View all posts »

BLOCKING HIGH RETURNS... AGAIN


Ah yes. That dreaded East, Northeast or Northerly wind for St. John's & the Northeast Coast. Unwelcome any time of year, but especially in the Spring months when the wind is rolling right in from the chilly waters of the North Atlantic. The onshore flow brings in that RDF: rain, drizzle, fog and cool temperatures, sometimes for days. 

RDF for a day or two is tolerable. It toughens us up, puts hair on the chest and helps us to really appreciate those warm, sunny days of Summer, when there is no better place on earth. However when we get locked into these relentless 'blocking' patterns, when it's RDF on the menu day, after day, after day.... it chills us to the core, tests our sanity and makes many of us question why we choose to live on a rock in the middle of the North Atlantic. And it happens every year.

It's happened in June. Remember the infamous Juneuary 2010? 
It's happened in August. Remember Fogust? 
It's happened in October. The blocking pattern was also a factor with Hurricane Sandy's track.
And yes it's even happened the Winter months. Remember the Winter that wasn't?

This current setup we are now diving head first into is no different than the examples above. The root cause is a blocking pattern or blocking high which is now setting up in the North Atlantic. We are now into what's called a negative phase of the NAO (North Atlantic Oscillation) which is basically higher than normal pressure to our North & Northeast.

nao.sprd2.png
The image above shows that the NAO has been in a neutral or positive phase (average to lower than average pressure in the North Atlantic) for most of the Winter, but is now tanking into a negative phase. The red lines are forecast model output which predict the negative phase to continue, before a trend back towards a neutral pattern late next week.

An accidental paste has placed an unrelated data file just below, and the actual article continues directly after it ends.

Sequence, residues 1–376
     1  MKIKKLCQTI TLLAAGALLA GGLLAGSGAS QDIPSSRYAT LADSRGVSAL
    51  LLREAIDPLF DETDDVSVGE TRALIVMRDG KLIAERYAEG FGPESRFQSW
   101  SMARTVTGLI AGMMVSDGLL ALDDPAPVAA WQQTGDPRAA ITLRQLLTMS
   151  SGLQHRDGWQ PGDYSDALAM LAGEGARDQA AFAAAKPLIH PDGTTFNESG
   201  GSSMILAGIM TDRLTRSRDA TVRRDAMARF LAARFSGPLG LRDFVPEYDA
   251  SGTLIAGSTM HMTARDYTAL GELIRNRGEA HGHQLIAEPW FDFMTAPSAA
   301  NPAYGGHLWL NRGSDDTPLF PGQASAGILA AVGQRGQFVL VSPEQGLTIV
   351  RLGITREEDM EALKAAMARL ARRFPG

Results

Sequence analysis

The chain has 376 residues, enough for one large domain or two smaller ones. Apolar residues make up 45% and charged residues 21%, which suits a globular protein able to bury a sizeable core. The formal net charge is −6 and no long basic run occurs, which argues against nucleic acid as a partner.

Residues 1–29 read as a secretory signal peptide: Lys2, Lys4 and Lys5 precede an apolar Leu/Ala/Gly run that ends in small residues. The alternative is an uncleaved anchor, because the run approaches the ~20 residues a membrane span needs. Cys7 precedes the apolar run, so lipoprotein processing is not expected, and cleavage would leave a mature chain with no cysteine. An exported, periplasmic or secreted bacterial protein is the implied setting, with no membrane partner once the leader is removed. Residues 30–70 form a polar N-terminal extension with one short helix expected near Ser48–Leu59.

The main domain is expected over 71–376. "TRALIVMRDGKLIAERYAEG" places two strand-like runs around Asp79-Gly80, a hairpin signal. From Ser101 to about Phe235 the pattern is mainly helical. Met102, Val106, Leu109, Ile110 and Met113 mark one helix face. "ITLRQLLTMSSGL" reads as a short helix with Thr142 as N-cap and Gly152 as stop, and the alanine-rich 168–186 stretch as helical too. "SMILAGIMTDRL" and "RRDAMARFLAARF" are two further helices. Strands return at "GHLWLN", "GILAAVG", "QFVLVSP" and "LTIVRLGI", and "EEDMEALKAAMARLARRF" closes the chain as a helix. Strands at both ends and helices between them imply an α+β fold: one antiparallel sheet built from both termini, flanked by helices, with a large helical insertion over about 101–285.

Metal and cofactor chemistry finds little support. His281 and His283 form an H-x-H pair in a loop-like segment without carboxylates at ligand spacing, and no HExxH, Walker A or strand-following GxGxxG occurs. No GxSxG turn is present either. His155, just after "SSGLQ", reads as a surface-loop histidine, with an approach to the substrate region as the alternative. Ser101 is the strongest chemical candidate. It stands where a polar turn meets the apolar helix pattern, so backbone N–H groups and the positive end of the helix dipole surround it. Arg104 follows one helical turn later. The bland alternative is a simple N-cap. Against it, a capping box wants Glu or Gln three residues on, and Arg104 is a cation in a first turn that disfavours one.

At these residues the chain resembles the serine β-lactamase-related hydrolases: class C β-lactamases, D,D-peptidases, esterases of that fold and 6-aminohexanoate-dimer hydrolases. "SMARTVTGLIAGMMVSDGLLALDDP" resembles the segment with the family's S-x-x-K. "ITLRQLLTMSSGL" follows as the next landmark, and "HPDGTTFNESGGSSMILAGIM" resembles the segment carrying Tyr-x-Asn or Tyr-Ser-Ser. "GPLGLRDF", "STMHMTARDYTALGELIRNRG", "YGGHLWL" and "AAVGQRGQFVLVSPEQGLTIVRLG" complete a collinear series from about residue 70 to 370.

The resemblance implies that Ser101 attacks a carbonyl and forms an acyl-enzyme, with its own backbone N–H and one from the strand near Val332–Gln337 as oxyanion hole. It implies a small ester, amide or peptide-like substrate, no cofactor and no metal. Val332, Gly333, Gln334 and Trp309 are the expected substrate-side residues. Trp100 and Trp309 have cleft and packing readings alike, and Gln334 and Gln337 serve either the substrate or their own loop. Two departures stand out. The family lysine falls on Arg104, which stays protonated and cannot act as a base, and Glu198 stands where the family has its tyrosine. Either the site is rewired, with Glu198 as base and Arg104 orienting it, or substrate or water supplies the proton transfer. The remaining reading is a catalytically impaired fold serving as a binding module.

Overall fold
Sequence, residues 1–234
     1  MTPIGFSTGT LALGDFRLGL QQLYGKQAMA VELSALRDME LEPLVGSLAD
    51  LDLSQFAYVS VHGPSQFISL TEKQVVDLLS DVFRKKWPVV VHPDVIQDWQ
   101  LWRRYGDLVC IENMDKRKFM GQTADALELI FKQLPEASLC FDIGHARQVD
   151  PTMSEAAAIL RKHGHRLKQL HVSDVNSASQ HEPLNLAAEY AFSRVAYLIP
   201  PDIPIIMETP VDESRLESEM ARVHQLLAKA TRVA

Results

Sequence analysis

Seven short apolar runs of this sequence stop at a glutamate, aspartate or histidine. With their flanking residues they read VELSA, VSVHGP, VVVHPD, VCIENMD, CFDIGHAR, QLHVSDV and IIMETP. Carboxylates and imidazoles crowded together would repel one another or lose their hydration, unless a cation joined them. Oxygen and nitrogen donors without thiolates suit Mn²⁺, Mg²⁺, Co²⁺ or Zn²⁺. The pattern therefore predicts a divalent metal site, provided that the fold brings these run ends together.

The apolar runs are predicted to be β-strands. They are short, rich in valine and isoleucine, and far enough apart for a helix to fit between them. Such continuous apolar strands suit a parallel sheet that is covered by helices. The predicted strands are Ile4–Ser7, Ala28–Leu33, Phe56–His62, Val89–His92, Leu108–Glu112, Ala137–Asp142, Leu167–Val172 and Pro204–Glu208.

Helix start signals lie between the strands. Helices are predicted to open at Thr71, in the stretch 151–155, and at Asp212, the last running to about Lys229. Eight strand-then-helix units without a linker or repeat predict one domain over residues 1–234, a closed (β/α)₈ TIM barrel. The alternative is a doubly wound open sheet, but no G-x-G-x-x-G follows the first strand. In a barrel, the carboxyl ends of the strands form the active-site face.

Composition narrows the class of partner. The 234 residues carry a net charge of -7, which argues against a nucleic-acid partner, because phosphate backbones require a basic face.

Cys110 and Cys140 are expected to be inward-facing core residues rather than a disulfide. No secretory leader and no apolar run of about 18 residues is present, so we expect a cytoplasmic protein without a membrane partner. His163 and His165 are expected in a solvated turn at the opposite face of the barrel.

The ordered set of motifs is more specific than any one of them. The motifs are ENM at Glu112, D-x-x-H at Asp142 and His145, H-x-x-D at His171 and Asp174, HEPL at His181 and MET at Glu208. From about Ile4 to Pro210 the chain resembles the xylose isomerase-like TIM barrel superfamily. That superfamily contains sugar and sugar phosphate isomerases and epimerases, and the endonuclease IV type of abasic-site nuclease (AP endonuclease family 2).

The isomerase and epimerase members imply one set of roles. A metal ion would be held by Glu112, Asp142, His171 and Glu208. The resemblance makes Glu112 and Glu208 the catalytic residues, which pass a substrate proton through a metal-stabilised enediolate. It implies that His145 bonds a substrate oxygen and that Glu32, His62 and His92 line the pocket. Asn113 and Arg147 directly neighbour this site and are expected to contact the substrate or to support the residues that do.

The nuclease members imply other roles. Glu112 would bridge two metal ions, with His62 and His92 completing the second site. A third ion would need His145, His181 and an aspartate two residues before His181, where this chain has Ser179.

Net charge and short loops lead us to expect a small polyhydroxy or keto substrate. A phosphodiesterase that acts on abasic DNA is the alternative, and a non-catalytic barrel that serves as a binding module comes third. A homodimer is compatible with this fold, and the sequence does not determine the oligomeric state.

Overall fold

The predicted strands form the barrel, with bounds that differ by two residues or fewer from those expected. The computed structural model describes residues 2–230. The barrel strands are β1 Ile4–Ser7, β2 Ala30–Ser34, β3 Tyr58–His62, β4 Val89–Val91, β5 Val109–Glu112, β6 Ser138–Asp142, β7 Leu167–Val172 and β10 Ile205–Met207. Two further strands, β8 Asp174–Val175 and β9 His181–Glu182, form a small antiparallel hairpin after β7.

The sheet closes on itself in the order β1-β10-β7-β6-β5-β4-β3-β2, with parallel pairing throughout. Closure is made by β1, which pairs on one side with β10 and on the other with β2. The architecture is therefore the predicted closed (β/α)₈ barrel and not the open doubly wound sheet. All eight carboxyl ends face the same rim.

When these large areas of high pressure set up anywhere from Baffin Island, the Northern Labrador Sea to Greenland to Iceland, they essentially create a road block on the highway. That highway just happens to be the path that low pressure systems take as they leave our Province and head out towards Europe. With the highway blocked, the lows moving through our region have nowhere to go. They either slow down to a crawl as they move through, or in some cases, will actually sit and spin in our area for days. With high pressure firmly in place to our North & Low pressure to our South, NL most often sees East, Northeast or Northerly winds in these blocking patterns.

GEM REG-Precip-MSLP.png
For those of us in Metro & the Northeast Coast we are once again heading into a long tunnel and it's dark, filled with rain, drizzle, fog and chilly temperatures. However, there is some hope. As of now, long range forecast models are showing some light way out at the end of this RDF tunnel, with the blocking pattern breaking down mid-late next week. Again, 'currently' it looks like we should see enough of a pattern shift to turn off the RDF machine and maybe even bring us some sunshine.

light-at-the-end-of-the-tunnel2.png
So yes, there is some light at the end of the tunnel, but until then, keep those Vitamin D pills handy. I'll keep you posted with your latest 7 day forecast, tonight on Here & Now.

Ryan

View all posts »